- Moderna’s upgraded version of its coronavirus vaccine produced a better immune response as a booster dose against the Omicron variant.
- The vaccine, which was given as a fourth dose in a trial that enrolled more than 800 people.
- The booster, mRNA-1273.214, raised virus-neutralizing antibodies by eight-fold against Omicron.
Moderna Inc said on Wednesday a new version of its coronavirus vaccine produced a better immune response against Omicron than the original shot, as the drugmaker pursues a booster against a surge in infections in the fall season.
The vaccine, which was given as a fourth dose in a trial that enrolled more than 800 people, raised virus-neutralizing antibodies by eight-fold against Omicron.
The company said it plans to submit data on the vaccine, which targets Omicron as well as the original coronavirus strain, to regulators in the coming weeks and the doses could be available to consumers in late summer, sending its shares up 3%.
Moderna president Stephen Hoge said the company was in touch with the U.S. Food and Drug Administration (FDA) and other regulators on the design of the study, which should make the filings a smooth process.
"We expect those to be relatively straightforward discussions and submissions," he said.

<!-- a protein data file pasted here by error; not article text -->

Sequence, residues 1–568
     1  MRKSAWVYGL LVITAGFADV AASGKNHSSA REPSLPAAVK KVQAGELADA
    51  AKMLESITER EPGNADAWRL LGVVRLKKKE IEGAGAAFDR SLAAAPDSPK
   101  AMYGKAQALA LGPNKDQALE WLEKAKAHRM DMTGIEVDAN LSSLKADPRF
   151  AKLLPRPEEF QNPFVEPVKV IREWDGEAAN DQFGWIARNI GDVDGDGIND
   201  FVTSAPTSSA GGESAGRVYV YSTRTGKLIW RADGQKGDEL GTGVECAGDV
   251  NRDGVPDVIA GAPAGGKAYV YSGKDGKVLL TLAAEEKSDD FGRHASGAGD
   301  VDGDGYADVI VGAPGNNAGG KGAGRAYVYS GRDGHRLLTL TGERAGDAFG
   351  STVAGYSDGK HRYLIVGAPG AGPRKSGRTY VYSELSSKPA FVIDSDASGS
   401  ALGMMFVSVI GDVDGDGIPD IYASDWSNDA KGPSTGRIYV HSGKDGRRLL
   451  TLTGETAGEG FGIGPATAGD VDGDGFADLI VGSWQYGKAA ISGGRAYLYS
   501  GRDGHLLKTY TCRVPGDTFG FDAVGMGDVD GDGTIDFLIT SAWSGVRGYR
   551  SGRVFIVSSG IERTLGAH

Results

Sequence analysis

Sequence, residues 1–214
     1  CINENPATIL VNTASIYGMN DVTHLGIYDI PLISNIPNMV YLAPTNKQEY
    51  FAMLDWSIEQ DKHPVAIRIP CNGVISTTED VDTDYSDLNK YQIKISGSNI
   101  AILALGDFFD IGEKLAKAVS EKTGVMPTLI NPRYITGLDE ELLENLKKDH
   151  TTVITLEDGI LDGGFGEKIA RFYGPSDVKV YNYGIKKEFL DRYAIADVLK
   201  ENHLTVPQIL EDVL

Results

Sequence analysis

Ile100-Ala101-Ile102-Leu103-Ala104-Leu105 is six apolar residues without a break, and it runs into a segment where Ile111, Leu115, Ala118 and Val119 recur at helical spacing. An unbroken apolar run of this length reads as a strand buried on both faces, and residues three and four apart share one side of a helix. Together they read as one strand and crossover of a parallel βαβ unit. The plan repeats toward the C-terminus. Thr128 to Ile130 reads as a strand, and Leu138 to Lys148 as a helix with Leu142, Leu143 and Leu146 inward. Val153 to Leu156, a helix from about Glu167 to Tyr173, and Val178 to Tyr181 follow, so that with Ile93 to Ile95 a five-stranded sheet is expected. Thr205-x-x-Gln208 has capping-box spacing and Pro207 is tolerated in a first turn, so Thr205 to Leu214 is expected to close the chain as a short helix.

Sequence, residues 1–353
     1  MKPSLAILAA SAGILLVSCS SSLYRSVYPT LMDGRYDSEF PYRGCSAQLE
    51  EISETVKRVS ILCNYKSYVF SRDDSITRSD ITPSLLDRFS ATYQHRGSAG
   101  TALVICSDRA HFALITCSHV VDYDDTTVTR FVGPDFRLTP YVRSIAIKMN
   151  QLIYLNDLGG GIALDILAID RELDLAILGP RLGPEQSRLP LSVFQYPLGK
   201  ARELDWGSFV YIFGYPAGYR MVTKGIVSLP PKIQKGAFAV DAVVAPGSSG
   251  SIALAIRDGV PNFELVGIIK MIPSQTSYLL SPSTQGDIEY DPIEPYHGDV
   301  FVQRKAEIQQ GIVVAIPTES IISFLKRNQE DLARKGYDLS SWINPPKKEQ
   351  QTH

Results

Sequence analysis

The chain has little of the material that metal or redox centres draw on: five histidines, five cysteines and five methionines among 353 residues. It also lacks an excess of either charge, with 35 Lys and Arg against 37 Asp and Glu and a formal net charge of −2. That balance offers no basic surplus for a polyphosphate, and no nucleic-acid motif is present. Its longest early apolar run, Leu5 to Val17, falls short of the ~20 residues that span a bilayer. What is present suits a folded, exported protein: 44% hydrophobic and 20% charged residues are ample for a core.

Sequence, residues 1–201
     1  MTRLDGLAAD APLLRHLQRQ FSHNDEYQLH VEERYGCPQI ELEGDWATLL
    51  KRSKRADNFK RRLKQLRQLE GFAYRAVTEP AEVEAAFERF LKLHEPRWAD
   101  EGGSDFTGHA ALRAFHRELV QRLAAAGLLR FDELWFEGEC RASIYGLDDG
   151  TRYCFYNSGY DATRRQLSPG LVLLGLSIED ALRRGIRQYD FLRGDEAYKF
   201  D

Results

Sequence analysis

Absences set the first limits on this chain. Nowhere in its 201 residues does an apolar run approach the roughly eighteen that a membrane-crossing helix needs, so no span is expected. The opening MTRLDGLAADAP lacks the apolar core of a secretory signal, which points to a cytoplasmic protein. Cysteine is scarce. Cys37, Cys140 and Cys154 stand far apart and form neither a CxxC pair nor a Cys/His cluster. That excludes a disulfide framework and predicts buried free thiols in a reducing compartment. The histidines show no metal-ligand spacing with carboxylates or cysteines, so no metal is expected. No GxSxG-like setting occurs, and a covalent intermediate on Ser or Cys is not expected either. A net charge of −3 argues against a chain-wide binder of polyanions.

It is not known if countries including the United States will adopt annual fall boosters, similar to the flu market.
"The data look quite comforting and convincing," said Dr. William Schaffner, an infectious disease expert at Vanderbilt University Medical Center.
He said while he expects the FDA to authorize the vaccine, it is not known if the U.S. Centers for Disease Control and Prevention will recommend the shot for all adults or for a subset of the population such as older people.
Chief Executive Stephane Bancel said the company had been ramping up manufacturing of the new booster with an aim to be ready to ship as early as August.
In the study, which did not measure vaccine effectiveness, the booster, the vaccine generated greater antibodies against the Alpha, Beta, Gamma, Delta variants compared to the original shot.